Why People Stay in Abusive Relationships

It may seem confusing to us, looking from the outside in, when strangers or people we know stay in relationships where there is obvious domestic violence. (For signs and symptoms refer to my earlier blog post of October 3).

The reasons are varied and complex. Here are a few:

1. Financial dependence

2. Low self-esteem

3. Feeling the abuse is deserved (connected to the above)

4. A family history of abuse (including sexual abuse)

5. Loyalty

6. Hope that things will get better

7. Hope that the abuser will change

8. Shame

and last but certainly not least FEAR. Fear of retribution, reprisals, escalated violence, death, worse behavior directed towards children and extended family and so on.

Many of the concerns listed above are very real. Partners who leave those they are financially dependent upon often suffer consequences. One of the signs of abuse is abuser tight-fisted (excuse the pun!) control of the finances, in order to keep the partner dependent. It can be daunting to thinking about starting over with virtually nothing.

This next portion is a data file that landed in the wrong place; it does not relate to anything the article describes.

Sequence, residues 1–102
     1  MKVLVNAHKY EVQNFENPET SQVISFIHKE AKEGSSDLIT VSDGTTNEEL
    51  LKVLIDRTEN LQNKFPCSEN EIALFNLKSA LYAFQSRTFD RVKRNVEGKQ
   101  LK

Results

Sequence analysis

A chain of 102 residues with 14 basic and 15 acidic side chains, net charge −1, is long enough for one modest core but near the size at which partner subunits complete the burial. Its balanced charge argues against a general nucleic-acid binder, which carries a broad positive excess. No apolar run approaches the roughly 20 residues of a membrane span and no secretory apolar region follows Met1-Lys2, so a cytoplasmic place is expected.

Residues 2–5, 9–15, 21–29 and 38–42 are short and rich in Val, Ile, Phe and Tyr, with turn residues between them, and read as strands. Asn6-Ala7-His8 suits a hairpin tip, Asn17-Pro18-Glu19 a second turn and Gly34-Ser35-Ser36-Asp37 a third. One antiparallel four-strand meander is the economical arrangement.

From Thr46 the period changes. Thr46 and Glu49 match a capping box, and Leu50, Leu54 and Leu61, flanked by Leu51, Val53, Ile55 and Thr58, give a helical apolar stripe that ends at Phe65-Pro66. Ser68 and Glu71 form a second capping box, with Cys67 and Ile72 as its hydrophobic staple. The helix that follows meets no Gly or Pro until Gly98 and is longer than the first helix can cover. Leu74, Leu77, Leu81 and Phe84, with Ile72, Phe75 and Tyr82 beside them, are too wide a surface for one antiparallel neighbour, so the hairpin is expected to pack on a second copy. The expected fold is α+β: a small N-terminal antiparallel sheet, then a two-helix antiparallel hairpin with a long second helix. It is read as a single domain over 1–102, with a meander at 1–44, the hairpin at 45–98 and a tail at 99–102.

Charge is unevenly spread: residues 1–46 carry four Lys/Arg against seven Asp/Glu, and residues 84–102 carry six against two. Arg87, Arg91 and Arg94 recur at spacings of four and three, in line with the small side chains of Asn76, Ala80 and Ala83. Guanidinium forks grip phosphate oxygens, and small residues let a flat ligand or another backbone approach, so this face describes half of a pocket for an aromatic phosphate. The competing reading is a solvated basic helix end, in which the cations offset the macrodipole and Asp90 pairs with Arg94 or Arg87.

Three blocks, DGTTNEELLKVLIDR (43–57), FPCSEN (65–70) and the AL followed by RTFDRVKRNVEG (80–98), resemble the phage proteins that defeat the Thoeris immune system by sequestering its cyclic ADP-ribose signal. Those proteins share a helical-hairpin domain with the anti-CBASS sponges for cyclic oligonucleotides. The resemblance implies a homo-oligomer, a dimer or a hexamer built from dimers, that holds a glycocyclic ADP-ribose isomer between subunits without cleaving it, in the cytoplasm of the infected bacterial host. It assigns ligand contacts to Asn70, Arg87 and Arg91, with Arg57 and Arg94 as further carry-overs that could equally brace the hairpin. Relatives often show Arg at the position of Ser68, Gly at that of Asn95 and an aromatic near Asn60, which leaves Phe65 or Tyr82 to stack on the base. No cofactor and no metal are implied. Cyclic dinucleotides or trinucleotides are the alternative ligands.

There are two important messages here:

1. There is help available in the form of housing, financial assistance, counseling, legal protection, self-defense classes and peer support. This is just a partial list. It is also important to keep in mind that many of the shot-term fears are minor in comparison to being dead or physically injured for life. Starting over is hard but suffering is harder.

2. It is very important for those aware of the violence in a relationship to offer support without judgement. It is often hard for those on the outside (and if it isn’t happening to you regardless of the relationship you are on the outside) to understand inaction. All you can really do is offer assistance in the form of resources, moral support, perhaps even a temporary place to stay, financial help, information and a deep expression of concern. The individual involved must take action if and when he/she is ready. This, of course, doesn’t apply if there are children involved (see my blog post of October 5).

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